Queensland's first social impact bond aims to help children in out-of-home care.
New South Wales has doubled its temp workers under the Coalition — and couldn't justify value for the extra $600m cost. Also, Margaret Crawford has
We recently moved our readers to a new system. You may need to reset your password here to login.
Not a member ? Join here for free.
Forgot your password?
Home Portfolio Foreign Affairs & Immigration Bitcoin and foreign affairs bring digital to financing
Text size :
DEPARTMENTSDepartment of Foreign Affairs and Trade
TAGS Department of Foreign Affairs and Trade, Business/Finance, economics, Poverty, Development, International economics, Business, Payment systems, Bitcoin, Peer-to-peer computing, Remittance, Microfinance, Electronic money, Money laundering, Rebecca Bryant, DFAT, KlickEx
The Department of Foreign Affairs and Trade doesn’t have a specific policy on cryptocurrencies like Bitcoin yet, but is watching the emerging potential for the technology to support international development. As a federal inquiry continues, politicians want to hear more of the public sector’s possible uses.
Ask about digital currencies like Bitcoin in policy circles and discussion will soon turn to either crime, terrorism and money laundering, or tax and financial regulations. But foreign aid and development might soon be added to that list, following the appearance of Department of Foreign Affairs and Trade senior executive Rebecca Bryant before a Senate inquiry into the new technology last Tuesday.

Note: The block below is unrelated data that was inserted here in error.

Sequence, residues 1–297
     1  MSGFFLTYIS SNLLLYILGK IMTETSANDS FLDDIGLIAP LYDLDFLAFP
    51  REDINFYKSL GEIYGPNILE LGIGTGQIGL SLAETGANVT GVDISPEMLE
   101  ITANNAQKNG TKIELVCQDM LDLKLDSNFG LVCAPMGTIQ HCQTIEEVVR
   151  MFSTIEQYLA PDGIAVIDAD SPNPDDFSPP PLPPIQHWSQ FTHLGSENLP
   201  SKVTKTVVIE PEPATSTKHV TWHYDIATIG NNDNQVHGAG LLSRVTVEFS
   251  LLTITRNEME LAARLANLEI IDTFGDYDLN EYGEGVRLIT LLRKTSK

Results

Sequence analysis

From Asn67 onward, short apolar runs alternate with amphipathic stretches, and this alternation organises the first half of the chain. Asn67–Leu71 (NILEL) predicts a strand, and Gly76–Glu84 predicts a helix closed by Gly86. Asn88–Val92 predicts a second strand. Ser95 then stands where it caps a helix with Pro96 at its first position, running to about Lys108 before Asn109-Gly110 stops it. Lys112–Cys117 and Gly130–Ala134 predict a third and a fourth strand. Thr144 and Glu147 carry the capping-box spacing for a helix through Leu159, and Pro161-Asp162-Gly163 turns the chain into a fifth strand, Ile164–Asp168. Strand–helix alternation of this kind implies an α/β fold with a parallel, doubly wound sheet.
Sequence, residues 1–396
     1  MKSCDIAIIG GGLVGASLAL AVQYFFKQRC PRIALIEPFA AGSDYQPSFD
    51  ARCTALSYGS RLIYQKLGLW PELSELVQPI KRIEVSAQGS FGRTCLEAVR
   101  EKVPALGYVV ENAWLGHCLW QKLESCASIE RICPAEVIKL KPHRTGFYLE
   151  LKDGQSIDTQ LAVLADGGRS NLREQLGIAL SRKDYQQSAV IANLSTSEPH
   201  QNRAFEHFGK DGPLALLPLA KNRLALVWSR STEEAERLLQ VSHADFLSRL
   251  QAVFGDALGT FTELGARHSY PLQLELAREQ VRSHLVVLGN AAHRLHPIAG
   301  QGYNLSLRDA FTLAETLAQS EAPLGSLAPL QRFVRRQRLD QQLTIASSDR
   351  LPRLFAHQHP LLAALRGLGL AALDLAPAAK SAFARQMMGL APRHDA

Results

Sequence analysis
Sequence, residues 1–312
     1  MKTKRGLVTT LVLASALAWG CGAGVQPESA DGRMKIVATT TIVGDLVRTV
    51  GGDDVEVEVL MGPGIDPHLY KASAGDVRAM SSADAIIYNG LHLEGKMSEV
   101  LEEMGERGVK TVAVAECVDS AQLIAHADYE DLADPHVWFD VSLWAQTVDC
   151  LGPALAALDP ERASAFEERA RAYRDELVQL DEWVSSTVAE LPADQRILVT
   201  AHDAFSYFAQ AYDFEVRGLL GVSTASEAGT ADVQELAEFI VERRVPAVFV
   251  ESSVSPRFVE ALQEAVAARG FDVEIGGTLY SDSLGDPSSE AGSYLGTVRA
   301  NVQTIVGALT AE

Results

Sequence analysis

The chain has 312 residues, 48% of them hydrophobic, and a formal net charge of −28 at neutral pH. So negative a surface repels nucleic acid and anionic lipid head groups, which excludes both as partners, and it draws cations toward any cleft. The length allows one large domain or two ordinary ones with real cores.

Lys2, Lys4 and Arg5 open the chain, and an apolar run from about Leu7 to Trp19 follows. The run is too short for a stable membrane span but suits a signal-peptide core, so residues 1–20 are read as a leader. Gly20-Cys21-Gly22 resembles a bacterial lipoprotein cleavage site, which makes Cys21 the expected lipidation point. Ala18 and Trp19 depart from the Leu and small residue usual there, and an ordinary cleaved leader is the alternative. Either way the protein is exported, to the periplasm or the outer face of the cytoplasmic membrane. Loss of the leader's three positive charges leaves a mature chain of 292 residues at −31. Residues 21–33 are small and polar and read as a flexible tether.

Where once microfinance was king, now discussion has turned to uses for cryptocurrency.
The “blockchain” technology that underpins digital currencies, or cryptocurrencies, could play a role in aid and development as a way to increase financial inclusion, particularly by slashing the cost of international remittance. While DFAT does not yet have a foreign affairs-specific policy angle on digital currencies, it is trying to keep up.
According to Bryant, DFAT’s assistant secretary for economic engagement, there is a hole in the international aid and development space to be filled by remittance services underpinned by digital currencies. The cost of remittance is usually very high — in the case of sending money from Sydney to Samoa, it averages 12% of the transaction cost.
Receive unlimited access, get all the latest public sector news and features, plus The Juice, our daily news update sent direct to your inbox.
The Mandarin is where Australia's public sector leaders discuss their work and the issues faced within modern bureaucracy. Join today to discover the latest in public administration thinking and news from our dedicated reporters, current and former agency heads and senior executives.
Stephen Easton is a journalist at The Mandarin based in Canberra. He's previously reported for Canberra CityNews and worked on industry titles for The Intermedia Group.
Read Related Content
New South Wales has doubled its temp workers under the Coalition — and couldn't justify value for the extra $600m cost. Also, Margaret Crawford has seven sector-wide tips to consider when procuring and managing contingent labour.
Pingback: Bitcoin and foreign affairs bring digital to financing - The Mandarin (registration) | Latest real-time bitcoin news()
Pingback: Australia: Bitcoin's growing role in foreign ai...()
Pingback: Bitcoin's growing role in foreign aid and devel...()